Where to Nest?
Biologists with the DGIF Nongame Wildlife Program continue to monitor the Richmond peregrine falcons. We have seen the birds copulating several times recently, indicating that they are preparing to nest. Given the late date, we presume that the pair already has suffered a nest failure this spring.
For the last couple of weeks our biologists have spent considerable time tracking the falcons in downtown Richmond. The pair has focused on the southeast balcony ledge on the 17th floor of the BB&T building; the same balcony used as a nest site by this pair in years past (2003-05). Difficulties associated with this site for both the falcons and biologists led us to block access to the BB&T nestbox after the pair moved to Riverfront Plaza in 2006 (see March 21st blog, below). The female briefly visited the ledge of the Riverfront Plaza nestbox on May 14th, but the gravel in that box shows no sign of disturbance. Both adults have been spending significant amounts of time on their favorite perches in their “downtown” territory.
On Friday, May 15th, DGIF Nongame biologists surveyed all of the BB&T building 17th floor balconies for eggs or prey carcasses, and both falcons aggressively defended the windows at the 17th floor balcony nestbox. An abandoned falcon egg was found on the balcony on the opposite (NW) corner of the 17th floor, but the falcons did not defend any windows other than those at the nestbox. It is surmised that the egg is all that remains from a spring 2009 nest failure. The egg was collected and will be submitted for laboratory testing.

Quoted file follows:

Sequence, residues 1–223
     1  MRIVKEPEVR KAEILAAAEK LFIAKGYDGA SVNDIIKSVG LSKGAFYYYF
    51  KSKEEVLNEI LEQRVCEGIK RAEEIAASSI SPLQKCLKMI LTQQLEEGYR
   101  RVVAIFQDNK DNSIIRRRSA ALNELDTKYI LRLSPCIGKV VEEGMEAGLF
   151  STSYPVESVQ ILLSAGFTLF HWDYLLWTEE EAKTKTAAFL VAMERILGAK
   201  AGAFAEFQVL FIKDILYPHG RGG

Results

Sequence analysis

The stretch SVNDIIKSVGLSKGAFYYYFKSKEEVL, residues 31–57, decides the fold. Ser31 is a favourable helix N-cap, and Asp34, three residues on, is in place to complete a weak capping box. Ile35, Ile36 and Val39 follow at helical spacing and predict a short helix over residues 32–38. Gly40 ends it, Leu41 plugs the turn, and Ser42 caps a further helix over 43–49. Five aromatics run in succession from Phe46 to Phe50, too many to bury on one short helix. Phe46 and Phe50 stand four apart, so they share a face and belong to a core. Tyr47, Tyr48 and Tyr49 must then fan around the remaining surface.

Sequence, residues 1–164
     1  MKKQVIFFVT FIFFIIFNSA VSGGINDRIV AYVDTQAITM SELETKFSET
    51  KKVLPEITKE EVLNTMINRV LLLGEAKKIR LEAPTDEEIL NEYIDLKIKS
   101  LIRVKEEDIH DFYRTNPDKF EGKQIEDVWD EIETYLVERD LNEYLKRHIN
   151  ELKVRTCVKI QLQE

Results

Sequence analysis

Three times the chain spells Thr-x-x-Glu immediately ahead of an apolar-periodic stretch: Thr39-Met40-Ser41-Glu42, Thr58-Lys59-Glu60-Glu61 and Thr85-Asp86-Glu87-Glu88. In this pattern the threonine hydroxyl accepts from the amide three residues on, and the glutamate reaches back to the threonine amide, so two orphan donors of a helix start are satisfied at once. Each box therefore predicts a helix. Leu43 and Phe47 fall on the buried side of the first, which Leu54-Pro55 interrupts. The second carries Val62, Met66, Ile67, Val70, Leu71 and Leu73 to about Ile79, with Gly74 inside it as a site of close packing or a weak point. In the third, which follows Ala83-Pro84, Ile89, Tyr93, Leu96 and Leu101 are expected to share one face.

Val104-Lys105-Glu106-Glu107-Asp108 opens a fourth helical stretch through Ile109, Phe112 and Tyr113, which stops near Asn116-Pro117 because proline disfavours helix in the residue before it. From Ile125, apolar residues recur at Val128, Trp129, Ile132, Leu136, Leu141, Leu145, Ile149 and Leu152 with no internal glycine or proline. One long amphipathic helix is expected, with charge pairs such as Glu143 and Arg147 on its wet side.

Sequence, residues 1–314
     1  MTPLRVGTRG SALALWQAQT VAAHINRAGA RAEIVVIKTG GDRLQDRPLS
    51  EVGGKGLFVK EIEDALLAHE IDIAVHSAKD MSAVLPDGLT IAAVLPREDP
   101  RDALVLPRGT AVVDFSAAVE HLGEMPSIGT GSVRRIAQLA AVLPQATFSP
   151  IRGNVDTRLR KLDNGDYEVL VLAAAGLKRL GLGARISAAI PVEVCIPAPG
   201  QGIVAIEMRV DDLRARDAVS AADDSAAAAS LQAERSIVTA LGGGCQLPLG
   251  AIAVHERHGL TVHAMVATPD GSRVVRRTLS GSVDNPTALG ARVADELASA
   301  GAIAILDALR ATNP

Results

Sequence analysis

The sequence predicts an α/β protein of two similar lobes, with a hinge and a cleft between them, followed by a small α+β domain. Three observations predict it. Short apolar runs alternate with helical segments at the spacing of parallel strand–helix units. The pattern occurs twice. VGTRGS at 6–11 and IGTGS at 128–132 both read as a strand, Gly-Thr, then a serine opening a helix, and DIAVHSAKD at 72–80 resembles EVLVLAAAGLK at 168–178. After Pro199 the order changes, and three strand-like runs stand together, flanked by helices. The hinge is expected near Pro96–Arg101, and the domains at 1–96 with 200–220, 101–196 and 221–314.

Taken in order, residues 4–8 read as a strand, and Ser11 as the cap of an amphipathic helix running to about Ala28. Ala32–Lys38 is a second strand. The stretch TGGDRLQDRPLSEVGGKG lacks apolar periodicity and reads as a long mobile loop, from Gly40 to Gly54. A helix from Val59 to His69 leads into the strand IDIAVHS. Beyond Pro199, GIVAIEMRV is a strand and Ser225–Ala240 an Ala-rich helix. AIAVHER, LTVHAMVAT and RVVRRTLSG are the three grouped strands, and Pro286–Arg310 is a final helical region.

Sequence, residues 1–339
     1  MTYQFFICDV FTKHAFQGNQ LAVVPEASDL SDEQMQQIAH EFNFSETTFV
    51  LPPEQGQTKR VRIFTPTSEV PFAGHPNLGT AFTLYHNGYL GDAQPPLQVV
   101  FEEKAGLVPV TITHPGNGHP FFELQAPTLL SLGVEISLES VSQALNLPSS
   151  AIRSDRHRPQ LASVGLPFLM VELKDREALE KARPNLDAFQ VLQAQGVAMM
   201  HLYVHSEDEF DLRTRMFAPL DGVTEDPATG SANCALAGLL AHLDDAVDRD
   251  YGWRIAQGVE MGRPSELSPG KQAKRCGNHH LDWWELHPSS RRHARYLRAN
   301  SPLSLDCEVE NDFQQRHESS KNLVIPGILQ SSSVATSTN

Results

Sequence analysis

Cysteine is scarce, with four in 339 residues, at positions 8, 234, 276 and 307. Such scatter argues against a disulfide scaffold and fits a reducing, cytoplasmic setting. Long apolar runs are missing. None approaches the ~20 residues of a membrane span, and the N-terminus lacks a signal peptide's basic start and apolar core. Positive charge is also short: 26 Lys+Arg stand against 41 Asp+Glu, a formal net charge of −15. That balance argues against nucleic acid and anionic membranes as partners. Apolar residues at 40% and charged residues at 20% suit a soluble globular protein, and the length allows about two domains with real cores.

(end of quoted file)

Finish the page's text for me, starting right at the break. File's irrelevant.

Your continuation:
From the birds’ behavior over the last couple of weeks, we believe they are preparing to renest, likely in the downtown area. Given this situation, we decided to accommodate them to the extent possible, rather than continuing to discourage them from nesting on the BB&T balcony. The bricks and cinder blocks placed on the BB&T balcony to discourage nesting were removed, and the nestbox covers will be removed as well, as soon as practicable and without further stressing the adult birds.
As an interesting and perhaps prophetic note, in 2007 this pair was very defensive of the BB&T balcony during their renest courtship right up through May 14th; then on the 15th the female laid the first egg of her renest clutch in the nestbox at Riverfront Plaza! We will simply have to wait and watch.
Update on 2 Richmond Falcon “babies”
A US Fish & Wildlife Service biologist banding chicks at the peregrine falcon nest on the Legg Mason Building in Baltimore discovered that the nesting pair was comprised of two new birds. The male of this new pair was produced by the downtown Richmond pair in 2003, at their original nest site on the BB&T building.
Another Richmond offspring, hatched at Riverfront Plaza in 2006 and then moved to Shenandoah National Park where she was hacked on Hawksbill Mountain, was just discovered nesting in the understructure of a concrete bridge that carries PA Route 472 across the Susquehanna River, between Columbia and Wrightsville in Lancaster County, PA.
These are great examples of the importance of banding these chicks. Not only do we learn more about these birds’ survival and dispersal, but such events underscore the contribution of our Richmond peregrines to falcon restoration in the Appalachians and along the Atlantic coast.